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4 U.S. Troops Killed in Afghanistan

Four U.S. troops were killed in fighting in eastern and southern Afghanistan on Sunday, and a former guerrilla leader who battled Soviet invaders decades ago was killed by a roadside bomb in the country's north.

Three of the U.S. casualties died in insurgent attacks and one was killed by a homemade bomb, NATO said.

The deaths bring the number of international forces killed in Afghanistan this month to 42, including 28 Americans, according to a count by The Associated Press. Sixty-six American troops were killed in July, making it the deadliest month for U.S. forces in Afghanistan since the 2001 invasion.

Afghanistan: The Road Ahead

In the country's north, insurgents using a bomb detonated by remote control destroyed the vehicle in which former guerrilla commander Salaam Pahlawan was traveling as he made his way Saturday to government offices in Faryab province's Al Mar district, said provincial police commander Khalil Andarbi.

The attack also killed two of Pahlawan's sons, ages 5 and 10, and two bodyguards, Andarbi said.

He said Pahlawan had been commander of anti-Soviet forces in the district but had lately been serving in an advisory role as a tribal elder. Many surviving veterans of the 1979-1989 Soviet invasion have been targeted by the Taliban for allying themselves with the government in Kabul.

In western Afghanistan's Herat province, insurgents Saturday ambushed a convoy carrying a provincial council member running for a seat in next month's elections for the national parliament, killing the man's brother, said Raouf Ahmedi, police spokesman for western Afghanistan.

Abdul Hadi Jamshadi's bodyguards returned fire, but Ahmedi said it wasn't known whether any militants were killed.

The attack appeared to be part of a campaign of terror and intimidation being waged by the Taliban in hopes of sabotaging the Sept. 18 elections.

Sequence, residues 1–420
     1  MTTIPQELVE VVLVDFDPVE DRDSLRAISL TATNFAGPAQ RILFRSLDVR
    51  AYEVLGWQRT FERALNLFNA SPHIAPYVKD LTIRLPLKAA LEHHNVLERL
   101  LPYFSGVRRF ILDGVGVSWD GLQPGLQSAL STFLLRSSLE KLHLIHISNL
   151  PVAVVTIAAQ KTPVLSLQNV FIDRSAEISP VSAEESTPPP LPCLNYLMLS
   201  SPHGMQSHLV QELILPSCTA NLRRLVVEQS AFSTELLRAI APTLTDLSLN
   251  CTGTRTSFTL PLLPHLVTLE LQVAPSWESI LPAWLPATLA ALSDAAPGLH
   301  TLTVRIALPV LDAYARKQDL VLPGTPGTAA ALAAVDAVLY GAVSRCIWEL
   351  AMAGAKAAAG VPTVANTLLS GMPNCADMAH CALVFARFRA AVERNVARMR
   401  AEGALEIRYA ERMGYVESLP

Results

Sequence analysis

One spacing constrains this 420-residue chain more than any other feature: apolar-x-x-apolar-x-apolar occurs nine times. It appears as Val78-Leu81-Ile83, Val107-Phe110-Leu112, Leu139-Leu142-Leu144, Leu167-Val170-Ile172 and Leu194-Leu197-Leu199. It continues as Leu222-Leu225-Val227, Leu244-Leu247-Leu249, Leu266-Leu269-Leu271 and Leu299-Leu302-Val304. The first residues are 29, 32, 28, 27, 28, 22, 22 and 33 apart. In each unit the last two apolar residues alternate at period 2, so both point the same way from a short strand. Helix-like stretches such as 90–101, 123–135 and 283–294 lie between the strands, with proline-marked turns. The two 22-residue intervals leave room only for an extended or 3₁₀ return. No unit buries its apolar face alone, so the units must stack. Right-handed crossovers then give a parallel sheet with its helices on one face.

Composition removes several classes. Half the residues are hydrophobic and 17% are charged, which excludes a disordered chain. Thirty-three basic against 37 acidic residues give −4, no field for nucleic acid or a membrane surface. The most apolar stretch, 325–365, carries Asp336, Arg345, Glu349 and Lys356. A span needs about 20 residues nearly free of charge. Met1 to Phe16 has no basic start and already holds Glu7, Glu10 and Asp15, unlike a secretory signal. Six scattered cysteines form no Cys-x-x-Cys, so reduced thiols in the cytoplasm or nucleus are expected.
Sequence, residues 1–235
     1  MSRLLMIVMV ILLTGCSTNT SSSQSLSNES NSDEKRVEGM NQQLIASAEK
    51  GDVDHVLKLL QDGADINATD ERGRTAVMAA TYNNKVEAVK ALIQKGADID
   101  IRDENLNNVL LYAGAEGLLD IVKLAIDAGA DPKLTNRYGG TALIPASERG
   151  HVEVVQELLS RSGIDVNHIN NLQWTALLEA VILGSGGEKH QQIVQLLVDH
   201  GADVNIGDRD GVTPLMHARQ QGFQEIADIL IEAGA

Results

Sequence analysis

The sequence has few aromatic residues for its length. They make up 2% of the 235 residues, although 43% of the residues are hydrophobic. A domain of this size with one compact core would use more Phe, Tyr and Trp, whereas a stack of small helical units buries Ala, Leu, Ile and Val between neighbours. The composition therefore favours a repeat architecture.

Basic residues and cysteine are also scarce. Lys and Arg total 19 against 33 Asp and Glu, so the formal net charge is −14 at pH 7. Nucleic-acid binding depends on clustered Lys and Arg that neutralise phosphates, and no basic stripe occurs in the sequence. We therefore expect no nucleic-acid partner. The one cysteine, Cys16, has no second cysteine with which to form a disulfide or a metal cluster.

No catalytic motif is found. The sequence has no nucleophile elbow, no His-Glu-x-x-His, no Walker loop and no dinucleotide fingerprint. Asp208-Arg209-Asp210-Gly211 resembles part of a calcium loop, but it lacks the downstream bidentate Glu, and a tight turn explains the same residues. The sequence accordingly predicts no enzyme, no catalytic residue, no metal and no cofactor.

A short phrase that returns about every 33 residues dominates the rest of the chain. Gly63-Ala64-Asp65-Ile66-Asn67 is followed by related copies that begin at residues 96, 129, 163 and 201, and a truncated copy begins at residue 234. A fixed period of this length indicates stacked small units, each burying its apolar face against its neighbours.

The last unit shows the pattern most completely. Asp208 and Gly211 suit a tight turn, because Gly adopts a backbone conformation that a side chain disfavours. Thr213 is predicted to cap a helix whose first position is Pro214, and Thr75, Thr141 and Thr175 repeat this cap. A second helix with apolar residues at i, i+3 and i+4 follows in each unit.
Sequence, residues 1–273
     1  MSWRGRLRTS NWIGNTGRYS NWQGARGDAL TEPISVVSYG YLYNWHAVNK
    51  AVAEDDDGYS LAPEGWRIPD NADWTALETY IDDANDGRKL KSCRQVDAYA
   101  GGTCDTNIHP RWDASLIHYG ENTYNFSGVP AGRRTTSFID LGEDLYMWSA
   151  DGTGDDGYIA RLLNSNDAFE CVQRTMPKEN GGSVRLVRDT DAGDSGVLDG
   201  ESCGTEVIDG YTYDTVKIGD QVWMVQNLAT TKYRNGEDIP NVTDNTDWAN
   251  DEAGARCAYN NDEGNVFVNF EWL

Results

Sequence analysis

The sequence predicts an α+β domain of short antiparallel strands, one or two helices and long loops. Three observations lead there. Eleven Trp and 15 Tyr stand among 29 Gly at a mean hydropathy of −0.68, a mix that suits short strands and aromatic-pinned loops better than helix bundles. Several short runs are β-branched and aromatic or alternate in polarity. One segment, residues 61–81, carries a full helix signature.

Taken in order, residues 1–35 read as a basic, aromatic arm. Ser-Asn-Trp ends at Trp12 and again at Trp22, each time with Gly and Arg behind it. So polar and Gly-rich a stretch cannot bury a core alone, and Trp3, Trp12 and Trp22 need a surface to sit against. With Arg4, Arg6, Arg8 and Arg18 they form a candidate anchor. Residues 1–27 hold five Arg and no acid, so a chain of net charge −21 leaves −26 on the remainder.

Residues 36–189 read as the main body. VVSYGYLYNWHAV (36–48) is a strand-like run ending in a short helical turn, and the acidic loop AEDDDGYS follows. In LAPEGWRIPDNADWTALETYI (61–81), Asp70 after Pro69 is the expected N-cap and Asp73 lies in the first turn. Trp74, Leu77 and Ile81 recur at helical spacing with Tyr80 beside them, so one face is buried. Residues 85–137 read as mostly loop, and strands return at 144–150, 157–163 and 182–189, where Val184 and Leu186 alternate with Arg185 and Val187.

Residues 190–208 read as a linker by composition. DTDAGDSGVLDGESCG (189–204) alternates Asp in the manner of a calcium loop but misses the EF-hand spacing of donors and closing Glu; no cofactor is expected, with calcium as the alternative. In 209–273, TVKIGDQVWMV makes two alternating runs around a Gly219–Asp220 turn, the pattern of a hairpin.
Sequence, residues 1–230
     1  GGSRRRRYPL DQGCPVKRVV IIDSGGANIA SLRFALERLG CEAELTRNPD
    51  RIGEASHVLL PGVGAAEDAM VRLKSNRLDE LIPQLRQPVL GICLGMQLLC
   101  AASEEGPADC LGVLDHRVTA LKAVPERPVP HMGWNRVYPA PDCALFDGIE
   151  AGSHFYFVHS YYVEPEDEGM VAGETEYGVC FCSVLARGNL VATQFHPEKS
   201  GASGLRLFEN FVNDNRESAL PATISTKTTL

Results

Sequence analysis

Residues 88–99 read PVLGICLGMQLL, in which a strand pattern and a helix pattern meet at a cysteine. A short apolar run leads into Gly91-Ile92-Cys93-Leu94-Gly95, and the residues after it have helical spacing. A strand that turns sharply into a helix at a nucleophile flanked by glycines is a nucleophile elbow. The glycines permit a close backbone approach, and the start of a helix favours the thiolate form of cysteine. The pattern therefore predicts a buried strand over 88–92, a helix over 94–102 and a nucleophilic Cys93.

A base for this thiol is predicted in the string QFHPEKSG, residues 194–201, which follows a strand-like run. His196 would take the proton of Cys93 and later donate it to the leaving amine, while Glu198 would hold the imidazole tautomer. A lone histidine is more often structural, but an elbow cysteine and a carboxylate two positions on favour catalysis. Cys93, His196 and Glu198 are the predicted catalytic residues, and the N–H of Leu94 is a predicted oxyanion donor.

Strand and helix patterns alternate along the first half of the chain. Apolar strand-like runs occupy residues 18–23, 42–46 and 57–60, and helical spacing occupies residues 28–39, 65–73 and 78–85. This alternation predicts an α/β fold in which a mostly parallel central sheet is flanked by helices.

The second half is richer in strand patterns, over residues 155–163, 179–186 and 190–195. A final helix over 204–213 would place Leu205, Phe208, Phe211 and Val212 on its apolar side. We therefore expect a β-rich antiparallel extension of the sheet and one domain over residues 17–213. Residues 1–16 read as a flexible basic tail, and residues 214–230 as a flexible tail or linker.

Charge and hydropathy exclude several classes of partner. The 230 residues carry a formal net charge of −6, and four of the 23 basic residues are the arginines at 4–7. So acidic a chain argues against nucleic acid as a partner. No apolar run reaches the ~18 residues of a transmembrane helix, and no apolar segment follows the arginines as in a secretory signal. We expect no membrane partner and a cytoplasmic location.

President Obama has beefed up troop strength here to 93,000 to try to defeat the Taliban, but many foreign policy experts believe the only way to end the war is by negotiating with the very insurgency Afghan and coalition forces are trying to crush. It's called reconciliation.

Reporting from Afghanistan, "CBS Evening News" Anchor Katie Couric asked the top commander, U.S. Army Gen. David Petraeus, if the United States would be willing to play a role in that process.

"We're not the ones calling the shots," said Petraeus. "At the end of the day those who will determine whether reconciliation goes forward or not are those who lead the Afghan government, and that is why it is appropriate that they lead these efforts, perhaps facilitated in some cases, supported in some cases, by the United States. But those are going to remain behind the scenes, and that's where they should remain. President (Hamid) Karzai has established the Afghan government's redlines if you will. They must respect the constitution, lay down weapons, cut off ties with al Qaeda and essentially be willing to be productive members of society."

Petraeus: Afghans Call Shots in Taliban Talks

Fighting around the country on Saturday and Sunday killed five Afghan soldiers and at least 17 militants, according to the defense and interior ministries. Five of the insurgents were killed when roadside bombs they were trying to plant exploded, while a joint NATO-Afghan operation in the southern province of Zabul resulted in the death of a senior Taliban commander, Sandar Yar, according to a provincial government statement.

Insurgents in Kandahar province, one of Afghanistan's most violent, killed the head of a private security company on Saturday, while one civilian was killed and five wounded by a land mine in Herat's Anjil district.

President Hamid Karzai has ordered such companies to cease operating in Afghanistan within four months, posing a challenge to the U.S. and its allies who rely heavily on contractors to guard supply convoys, installations and development projects.

Complaints have mounted that the firms are poorly regulated, reckless and effectively operate outside local law, and the order to disband them is part of the president's moves to assert his authority.

German Brigadier Gen. Josef Blotz, spokesman for the International Security Assistance Force overseeing foreign troops in Afghanistan, said ISAF supported Karzai's order and would work with his government on plans to carry it out.

However, Blotz said an interim solution may have to be found that addresses the need for some contractors to continue to operate.

Separate solutions needed to be found to provide protection for diplomats, development projects, and convoys, as well as ensure security around forward operating bases manned by foreign and Afghan troops, Blotz said.

"It is a very complex thing," he said.

Karzai has also ordered the removal of some of the capital's ubiquitous security barriers to free up snarled traffic.

Work crews outside a police recruiting center in eastern Kabul on Sunday attached steel cables to iron hoops embedded in the concrete blast walls and used cranes to move them away slab by giant slab. Some were loaded aboard trucks and removed, while others were simply shifted back from the street closer to the walls of the actual center.

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